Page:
The title of the document. Title is metadata specified in Office files and is different from the file name.

 

Here are eDiscovery properties for Exchange:

Property

Type

Example

Description

Attachment

String

Attachment:file.docx

The file name of message attachments.

BCC

String

BCC:"garthf@contoso.com"

The BCC field.

Body

String

Body:"Northwind Marketing"

The body of the message.

Category

String

category:"Red Category"

Categories that can be defined by the user in OWA our Outlook.

CC

String

CC:"garthf@contoso.com"

The CC field.

From

String

From:"garthf@contoso.com"

From:contoso

The sender of the message.

Importance

String

Importance:Low

Importance:Medium

Importance:High

Senders can set an importance value when sending a message. By default importance is set to medium. 

Kind

String

Kind:email

Kind:email OR Kind:contacts OR Kind:meetings

Values:

  • contacts
  • docs
  • email
  • faxes
  • im
  • journals
  • meetings
  • notes
  • posts
  • rssfeeds
  • tasks
  • voicemail

Participants

String

Participants:"garthf@contoso.com"

Participants:"contoso"

All sender and recipient fields: From, To, CC, and BCC.

Received

Date

Received:7/15/2014

The date that a message is received.

Recipients

String

Recipients:"garthf@contoso.com"

Recipients:"contoso"

Searches the recipient fields: To, CC, and BCC.

Sent

Date

Sent:7/15/2014

The date that a message is sent.

Size

Integer

Size>=1

Size:1..50000

The size of the item in Bytes.

Subject

Text

Subject:"Northwind Marketing"

The subject of the message.

To

String

To:"garthf@contoso.com"

The To field.

 

Operators 

  • Queries can use prefix wildcard characters using an asterisk (*). A wildcard will search for 0 or more characters in keywords or property values. You can use wild cards to replace part of a word for example set* will return results with setting and setup. Wildcards can also replace an entire word for example "fair *" would return fair value.
  • You can use wildcards to get variants of a property. For example FileExtension:XLS*will return all files with the extension XLS or XLSX.
  • A space between two different properties is an AND. For example author:"Sara Davis" Title:"Marketing" will find documents where Sara Davis was the author and the title has the word Marketing.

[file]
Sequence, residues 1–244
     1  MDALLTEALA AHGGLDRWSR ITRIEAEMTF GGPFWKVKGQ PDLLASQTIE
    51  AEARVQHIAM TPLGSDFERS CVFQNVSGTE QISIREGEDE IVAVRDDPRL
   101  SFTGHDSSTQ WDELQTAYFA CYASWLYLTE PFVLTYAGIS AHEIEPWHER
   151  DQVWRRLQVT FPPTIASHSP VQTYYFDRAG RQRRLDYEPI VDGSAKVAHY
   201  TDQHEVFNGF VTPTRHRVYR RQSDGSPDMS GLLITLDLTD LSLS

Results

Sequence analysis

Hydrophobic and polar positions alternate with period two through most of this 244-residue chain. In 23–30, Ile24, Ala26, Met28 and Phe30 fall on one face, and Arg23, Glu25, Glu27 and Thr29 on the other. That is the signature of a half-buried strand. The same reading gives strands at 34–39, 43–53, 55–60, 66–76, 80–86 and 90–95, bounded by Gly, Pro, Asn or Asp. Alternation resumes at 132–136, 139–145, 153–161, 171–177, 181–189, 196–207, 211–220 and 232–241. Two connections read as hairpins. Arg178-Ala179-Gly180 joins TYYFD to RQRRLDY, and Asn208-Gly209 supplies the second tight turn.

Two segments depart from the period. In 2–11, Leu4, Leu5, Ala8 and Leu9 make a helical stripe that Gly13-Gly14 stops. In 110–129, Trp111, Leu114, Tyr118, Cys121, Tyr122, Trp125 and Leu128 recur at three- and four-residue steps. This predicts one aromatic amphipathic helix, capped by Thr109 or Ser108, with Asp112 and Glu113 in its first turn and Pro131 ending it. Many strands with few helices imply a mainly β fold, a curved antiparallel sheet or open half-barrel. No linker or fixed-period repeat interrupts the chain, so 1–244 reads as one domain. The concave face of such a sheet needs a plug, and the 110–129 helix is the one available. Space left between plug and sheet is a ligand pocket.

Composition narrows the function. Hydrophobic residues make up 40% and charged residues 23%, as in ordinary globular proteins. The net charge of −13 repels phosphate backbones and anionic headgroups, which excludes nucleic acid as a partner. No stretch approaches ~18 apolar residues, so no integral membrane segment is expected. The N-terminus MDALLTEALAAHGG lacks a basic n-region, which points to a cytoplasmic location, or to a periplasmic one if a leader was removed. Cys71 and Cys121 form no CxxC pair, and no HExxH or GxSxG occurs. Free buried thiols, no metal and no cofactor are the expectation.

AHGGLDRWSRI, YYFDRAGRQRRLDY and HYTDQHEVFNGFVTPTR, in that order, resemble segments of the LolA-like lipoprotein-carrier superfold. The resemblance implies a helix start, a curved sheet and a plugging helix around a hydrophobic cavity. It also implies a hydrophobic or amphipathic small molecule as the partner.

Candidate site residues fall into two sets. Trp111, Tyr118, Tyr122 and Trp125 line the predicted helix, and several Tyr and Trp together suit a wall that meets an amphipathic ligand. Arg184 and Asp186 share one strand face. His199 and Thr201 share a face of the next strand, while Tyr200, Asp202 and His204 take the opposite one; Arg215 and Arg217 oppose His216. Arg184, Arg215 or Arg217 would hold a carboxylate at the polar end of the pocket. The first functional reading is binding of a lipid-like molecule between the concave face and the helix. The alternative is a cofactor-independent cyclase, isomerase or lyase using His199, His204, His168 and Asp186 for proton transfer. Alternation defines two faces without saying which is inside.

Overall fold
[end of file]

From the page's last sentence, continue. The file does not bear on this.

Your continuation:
• Search interprets the space between terms that use the same property as an "OR." For example, if the author property is available, and you look for author:"Sara Davis" author:"Garth Fort", your search will return any items authored by Sara Davis OR Garth Fort.  
  • To exclude content marked with a certain property value from your search results, place a minus sign (-) before the name of the property. For example -from:"Sara Davis” will exclude any messages sent by Sara Davis.

Operator

Usage

Description

:

Property:value

Specify equality match on property values

Property <value

Property is less than a value for dates and integers

Property >value

Property is greater than a specific value

<=

Property <=value

Property is less than or equal to a specific value. 

>=

Property >=value

Property is greater than or equal to a specific value. 

..

Property: value1..value2

Property is greater than or equal to value1 and less than or equal to value2

AND

Keyword1 AND keyword2

Forced inclusion

+

Keyword1 +keyword2

Forced inclusion

OR

Keyword1 OR  keyword2

Logical or

NOT

Keyword1 NOT keyword2

logical not

-

Keyword1 -keyword2

Logical not

""

"fair value"

Exact Phrase match in keywords and property values. Can be used to include single quotes in search terms.

*

set*

OR patent AND property:set*

Wildcard match for 0 or more characters in keywords or property values

( )

(fair OR free) AND (author:Dan)   

Group query terms and/or properties together

  

Thanks for reading, may the search be with you.

Quentin Christensen, Program Manager